Profile: Will Morris

I grew up in the glossily mundane town of Cheltenham. I developed a fevered desire to draw very early, but was always reluctant to accept it as a lonesome endeavour and so exploited a range of improvised wrestling moves to persuade my brothers to draw with me.

I would tend to draw my favourite comic, cartoon and video game characters or fiendishly devilish machines, whilst my brother fixated on drawing buck-toothed beavers. Sadly his interest dwindled to nothing, whilst mine grew throughout school culminating in an A-level in art. At that time I was equally fascinated by John Piper’s intensely atmospheric architectural painting as I was the lightweight dynamism of Marvel comics.

(From “The Silver Darlings”)

I then took what must have seemed the natural step into studying archaeology at university in Nottingham. Whilst I may have been better served by studying art and design, the course developed a keen interest in past communities and especially their rituals and belief systems, which are central to my current comics project The Silver Darlings.

After university I took on a passion-sapping office job, which if nothing else convinced me it was essential to study illustration at Camberwell. I have graduated from the course.

(From “The Silver Darlings”)

Barring a few wilderness periods, comics have been a consistent part of my life. Probably the most significant moment in transforming my perception of comics was when my French friend presented me with a well-thumbed copy of Marjane Satrapi’s Persepolis. It almost ruined a trip to Barcelona as I struggled to prise myself away from its incredibly compelling narrative, but it proved two things to me: firstly, a dog-eared and crumbling copy it confirmed that comics are something to be shared and enjoyed, not jealously sheathed in plastic. Secondly that when deftly handled the blend of words and pictures can provoke an incredible response.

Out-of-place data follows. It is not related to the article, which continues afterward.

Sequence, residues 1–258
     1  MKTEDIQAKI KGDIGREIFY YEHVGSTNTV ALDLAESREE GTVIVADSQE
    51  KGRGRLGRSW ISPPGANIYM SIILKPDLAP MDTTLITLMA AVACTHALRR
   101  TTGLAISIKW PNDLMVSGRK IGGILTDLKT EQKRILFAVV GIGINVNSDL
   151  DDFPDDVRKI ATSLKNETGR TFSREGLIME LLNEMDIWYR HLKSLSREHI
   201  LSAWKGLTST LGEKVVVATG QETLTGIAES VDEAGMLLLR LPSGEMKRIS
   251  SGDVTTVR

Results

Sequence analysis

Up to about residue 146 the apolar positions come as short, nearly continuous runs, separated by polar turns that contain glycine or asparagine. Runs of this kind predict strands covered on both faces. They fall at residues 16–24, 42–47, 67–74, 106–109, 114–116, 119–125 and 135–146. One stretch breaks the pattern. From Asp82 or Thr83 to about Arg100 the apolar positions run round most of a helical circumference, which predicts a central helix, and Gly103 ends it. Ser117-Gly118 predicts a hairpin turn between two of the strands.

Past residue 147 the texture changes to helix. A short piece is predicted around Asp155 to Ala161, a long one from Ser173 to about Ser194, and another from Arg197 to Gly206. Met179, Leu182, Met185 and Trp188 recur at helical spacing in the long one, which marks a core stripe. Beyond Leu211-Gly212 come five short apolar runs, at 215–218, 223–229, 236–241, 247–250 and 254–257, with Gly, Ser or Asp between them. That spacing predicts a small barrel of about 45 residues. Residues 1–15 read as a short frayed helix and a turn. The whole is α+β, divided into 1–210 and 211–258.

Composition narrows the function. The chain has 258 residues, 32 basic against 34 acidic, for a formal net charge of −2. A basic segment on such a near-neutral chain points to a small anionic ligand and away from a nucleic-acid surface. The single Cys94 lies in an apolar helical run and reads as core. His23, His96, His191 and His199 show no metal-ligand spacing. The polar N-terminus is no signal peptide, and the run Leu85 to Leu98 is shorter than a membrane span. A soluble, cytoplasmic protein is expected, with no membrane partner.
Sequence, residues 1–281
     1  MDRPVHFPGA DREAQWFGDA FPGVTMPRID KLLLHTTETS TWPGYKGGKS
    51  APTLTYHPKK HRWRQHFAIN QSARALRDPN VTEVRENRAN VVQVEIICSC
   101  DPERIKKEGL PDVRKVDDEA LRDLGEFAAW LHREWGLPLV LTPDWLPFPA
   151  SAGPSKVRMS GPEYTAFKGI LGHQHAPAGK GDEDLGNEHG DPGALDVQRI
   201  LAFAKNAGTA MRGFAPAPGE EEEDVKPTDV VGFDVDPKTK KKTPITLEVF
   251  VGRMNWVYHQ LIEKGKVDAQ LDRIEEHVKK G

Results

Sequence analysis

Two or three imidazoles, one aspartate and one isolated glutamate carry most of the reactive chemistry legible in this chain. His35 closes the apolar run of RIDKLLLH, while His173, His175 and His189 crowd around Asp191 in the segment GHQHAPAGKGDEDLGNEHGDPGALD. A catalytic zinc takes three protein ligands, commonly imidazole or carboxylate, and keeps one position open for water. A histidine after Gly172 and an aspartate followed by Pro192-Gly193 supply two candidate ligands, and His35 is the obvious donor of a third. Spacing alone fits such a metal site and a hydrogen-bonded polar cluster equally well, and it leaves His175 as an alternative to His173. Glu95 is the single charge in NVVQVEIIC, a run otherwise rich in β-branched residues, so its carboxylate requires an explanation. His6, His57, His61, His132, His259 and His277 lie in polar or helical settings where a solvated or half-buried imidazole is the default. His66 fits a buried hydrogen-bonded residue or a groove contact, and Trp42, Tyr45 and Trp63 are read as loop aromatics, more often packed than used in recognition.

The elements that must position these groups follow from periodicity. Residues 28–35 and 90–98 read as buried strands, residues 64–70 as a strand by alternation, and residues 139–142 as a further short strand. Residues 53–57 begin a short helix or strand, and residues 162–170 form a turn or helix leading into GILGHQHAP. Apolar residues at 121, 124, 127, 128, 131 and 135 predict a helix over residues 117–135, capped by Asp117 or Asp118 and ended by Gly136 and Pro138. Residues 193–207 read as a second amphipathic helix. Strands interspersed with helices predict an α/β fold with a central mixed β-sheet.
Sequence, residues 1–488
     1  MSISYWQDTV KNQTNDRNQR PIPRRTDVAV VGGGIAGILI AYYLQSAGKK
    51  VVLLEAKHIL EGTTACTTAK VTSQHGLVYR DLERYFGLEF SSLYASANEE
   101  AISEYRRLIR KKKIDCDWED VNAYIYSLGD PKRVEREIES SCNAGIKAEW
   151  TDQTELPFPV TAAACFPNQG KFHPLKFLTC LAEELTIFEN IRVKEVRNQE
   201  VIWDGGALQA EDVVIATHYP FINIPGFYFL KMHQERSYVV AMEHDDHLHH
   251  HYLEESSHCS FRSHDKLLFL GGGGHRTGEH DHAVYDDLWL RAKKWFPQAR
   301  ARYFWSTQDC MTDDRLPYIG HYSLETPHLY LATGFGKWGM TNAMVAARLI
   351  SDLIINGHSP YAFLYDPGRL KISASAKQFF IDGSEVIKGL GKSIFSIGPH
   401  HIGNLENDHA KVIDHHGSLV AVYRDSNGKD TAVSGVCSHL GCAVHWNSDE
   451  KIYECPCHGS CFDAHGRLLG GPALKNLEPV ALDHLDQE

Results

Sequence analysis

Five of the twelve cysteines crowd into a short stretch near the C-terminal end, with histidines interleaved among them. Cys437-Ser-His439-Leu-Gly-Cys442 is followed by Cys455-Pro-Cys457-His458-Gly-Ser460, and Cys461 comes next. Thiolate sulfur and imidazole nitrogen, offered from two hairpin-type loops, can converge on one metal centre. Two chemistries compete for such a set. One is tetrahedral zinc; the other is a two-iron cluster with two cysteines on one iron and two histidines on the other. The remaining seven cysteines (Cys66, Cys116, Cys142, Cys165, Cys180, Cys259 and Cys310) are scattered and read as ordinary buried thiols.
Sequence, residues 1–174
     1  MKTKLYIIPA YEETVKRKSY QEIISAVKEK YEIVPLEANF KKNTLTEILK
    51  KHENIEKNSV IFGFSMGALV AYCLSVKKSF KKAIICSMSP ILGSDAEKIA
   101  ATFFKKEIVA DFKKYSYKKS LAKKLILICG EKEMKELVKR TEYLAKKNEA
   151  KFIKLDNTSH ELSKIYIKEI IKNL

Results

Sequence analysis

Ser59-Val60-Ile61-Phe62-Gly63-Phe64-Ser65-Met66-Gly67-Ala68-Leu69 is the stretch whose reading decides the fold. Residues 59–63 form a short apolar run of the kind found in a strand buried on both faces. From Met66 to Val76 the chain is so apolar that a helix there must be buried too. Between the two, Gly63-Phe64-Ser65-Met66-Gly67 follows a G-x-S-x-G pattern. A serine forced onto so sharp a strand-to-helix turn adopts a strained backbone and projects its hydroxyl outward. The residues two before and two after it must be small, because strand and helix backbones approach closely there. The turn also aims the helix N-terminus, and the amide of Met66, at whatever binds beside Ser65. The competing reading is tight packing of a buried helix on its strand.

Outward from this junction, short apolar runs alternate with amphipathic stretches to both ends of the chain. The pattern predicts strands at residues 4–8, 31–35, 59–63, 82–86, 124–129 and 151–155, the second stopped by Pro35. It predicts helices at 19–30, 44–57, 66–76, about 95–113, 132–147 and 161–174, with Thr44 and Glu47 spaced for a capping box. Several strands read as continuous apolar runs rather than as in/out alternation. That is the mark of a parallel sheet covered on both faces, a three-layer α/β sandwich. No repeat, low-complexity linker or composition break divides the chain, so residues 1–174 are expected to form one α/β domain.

I’m not sure whether individual people comprehend comics differently, but for me they provide a direct feed to my imagination. The impact great creators can deliver with a single panel continues to inspire me; Craig Thompson’s Blankets and Raymond Briggs’ Gentleman Jim are two phenomenal examples of this.

I find that almost everything I read or the visual art I enjoy leaves a trace in my work like a snail’s trail. Visually my influences are endless from artists and illustrators such as Ravilius, Geoff Grandfield, Miroslav Sasek, Quentin Blake, Edward Gorey  and Jon Klassen, to comic creators such as Gipi, Patrick Mckeown, Mike Mignola, Hugo Pratt, Charles Burns and David Mazzucchelli.

Currently I’m working on a book called The Silver Darlings for Blank Slate Books’ Chalk Marks imprint. At 48 pages it’s the longest single comic narrative I’ve worked on to date and I’ve had to take on a lot of drawing challenges that I would previously have tipped my cap to and walked by. This book is where I would tenuously call upon the benefit of three years of archaeological study, centred as it is upon the belief systems of the historic herring fishing community (albeit in the relatively recent 1960s). More than anything it’s about growing up, in so far as accepting that your personal viewpoint is rarely the only way of looking at something. The artwork is very nearly complete and hopefully the book will be available in early 2012.

Aside from this I was lucky enough to contribute to the upcoming anthology Nelson, an inspired idea on the part of Rob Davis and Woodrow Phoenix. I was tasked with building upon the wonderfully imaginative and occasionally torrid life of the protagonist Nel writing and illustrating a moment of her life from the year 1999. Naturally I disregarded the dawn of a new millennium and instead focussed on Nel’s first experience of live action role-playing. You can see the results when it’s launched by Blank Slate Books at the Thought Bubble festival this November.

(From “Nelson”)

As far as the future goes I’d obviously love to make a living from drawing comics, although I’m under no illusion as to how hard it is to do so. Given the last year has been the longest period I’ve ever dedicated to drawing I still feel I have a huge amount to learn. At the moment, whilst the path is littered with rejected drawings, I feel as though I’m taking steps forward with everything I do. If the right opportunity were to arise I’d love to illustrate someone else’s story as I’m keen to really broaden my drawing.

In terms of future personal projects I have an idea in mind for a children’s comic story. I recently re-read James and the Giant Peach and Raymond Briggs’ The Elephant and the Bad Baby has always lingered with me, so I’d like to produce something that has a similar uncompromising approach to being young. I’m thinking of approaching it in more of a digital collage fashion, not dissimilar to a poster I did for the Royal Scottish Academy of Music and Drama.

All images © 2011 Will Morris (